procedure that employees and employers have heretofore utilized, i.e., requiring the
protesting party, be it the employee or the employer, to question the Board. In other
words, pursuant to the statutory process, the majority opinion simply requires that the
party who protests an OP Board's decision to the Office of Judges sees to it that the
hearing goes forward. Materially, this ruling changed nothing in Workers' Compensation
law. It added no burden to any party to the proceeding. The dissent's assertion otherwise
The dissenting opinion has done a great disservice to Workers' Compensation
law by its mischaracterization of Javins. According to the dissenting opinion, since no
evidence in this case contradicted the employee's evidence of 5% OP impairment, under
Javins, 'medical evidence indicating the highest degree of impairment'--5% in this case--
should have been adopted to support an award for the claimant. Such a misapplication
of Javins is unfortunate. By allowing the submission of a claim without a proper hearing,
the dissent seeks to circumvent a procedure the Legislature deemed mandatory, and would
prevent the Office of Judges from having a complete and adequate record upon which to
base its final decision.
A proper application and correct analysis of Javins requires this Court to do exactly what the majority opinion did--remand for a hearing so that the OP Board may review the claimant's new evidence. In fact, Syllabus Point 1 of Javins states that medical evidence indicating the highest degree of impairment, which is not otherwise shown, through explicit findings of fact by the Occupational Pneumoconiosis Board, to be unreliable, incorrect, or clearly attributable to some other identifiable disease or illness, is presumed to accurately represent the level of pulmonary impairment attributable to occupational pneumoconiosis. (Emphasis added.)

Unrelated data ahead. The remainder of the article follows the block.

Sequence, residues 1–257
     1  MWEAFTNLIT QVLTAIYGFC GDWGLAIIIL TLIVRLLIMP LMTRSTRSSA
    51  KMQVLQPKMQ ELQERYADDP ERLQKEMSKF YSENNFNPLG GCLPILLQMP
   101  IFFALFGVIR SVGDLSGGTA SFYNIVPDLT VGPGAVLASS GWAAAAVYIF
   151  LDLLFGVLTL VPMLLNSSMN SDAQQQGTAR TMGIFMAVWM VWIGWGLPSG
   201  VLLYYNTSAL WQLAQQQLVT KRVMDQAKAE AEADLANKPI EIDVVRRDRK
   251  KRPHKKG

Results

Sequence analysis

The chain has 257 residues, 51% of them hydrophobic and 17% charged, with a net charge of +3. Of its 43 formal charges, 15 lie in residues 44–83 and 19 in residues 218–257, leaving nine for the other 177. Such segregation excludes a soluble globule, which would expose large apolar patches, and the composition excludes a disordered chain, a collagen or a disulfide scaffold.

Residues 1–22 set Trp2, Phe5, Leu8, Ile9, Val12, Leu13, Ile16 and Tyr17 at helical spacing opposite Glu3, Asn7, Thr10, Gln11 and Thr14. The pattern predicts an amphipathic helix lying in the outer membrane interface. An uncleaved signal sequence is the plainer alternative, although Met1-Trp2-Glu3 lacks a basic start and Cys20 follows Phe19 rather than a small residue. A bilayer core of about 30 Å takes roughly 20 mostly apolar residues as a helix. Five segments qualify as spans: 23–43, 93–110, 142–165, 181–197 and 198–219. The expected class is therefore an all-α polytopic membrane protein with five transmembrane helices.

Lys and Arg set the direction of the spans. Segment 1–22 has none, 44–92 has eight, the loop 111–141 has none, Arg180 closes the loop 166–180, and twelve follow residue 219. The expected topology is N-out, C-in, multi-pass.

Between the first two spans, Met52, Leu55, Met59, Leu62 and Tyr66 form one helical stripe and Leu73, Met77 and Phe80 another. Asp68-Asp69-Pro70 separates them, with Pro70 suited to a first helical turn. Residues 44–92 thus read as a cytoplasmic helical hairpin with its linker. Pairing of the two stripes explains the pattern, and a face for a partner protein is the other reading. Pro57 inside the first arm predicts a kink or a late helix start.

Javins recognizes that the OP Board has a duty to comment upon new OP evidence submitted by a party. However, the dissenting opinion seeks to ignore the plain language in Javins which recognizes the Legislative requirement that a protesting party present its new evidence to the OP Board. Instead, the dissenting opinion suggests that under Javins a full hearing is not required. To the contrary, Javins clearly states that once the OP Board has fulfilled its statutory duty of examining new evidence submitted by a party, and concludes that such evidence is not unreliable, incorrect, or clearly attributable to some other identifiable disease or illness, then the medical evidence indicating the highest degree of impairment is presumed to reflect the claimant's level of pulmonary impairment. The Board's duty in this regard could not be fulfilled without a full hearing.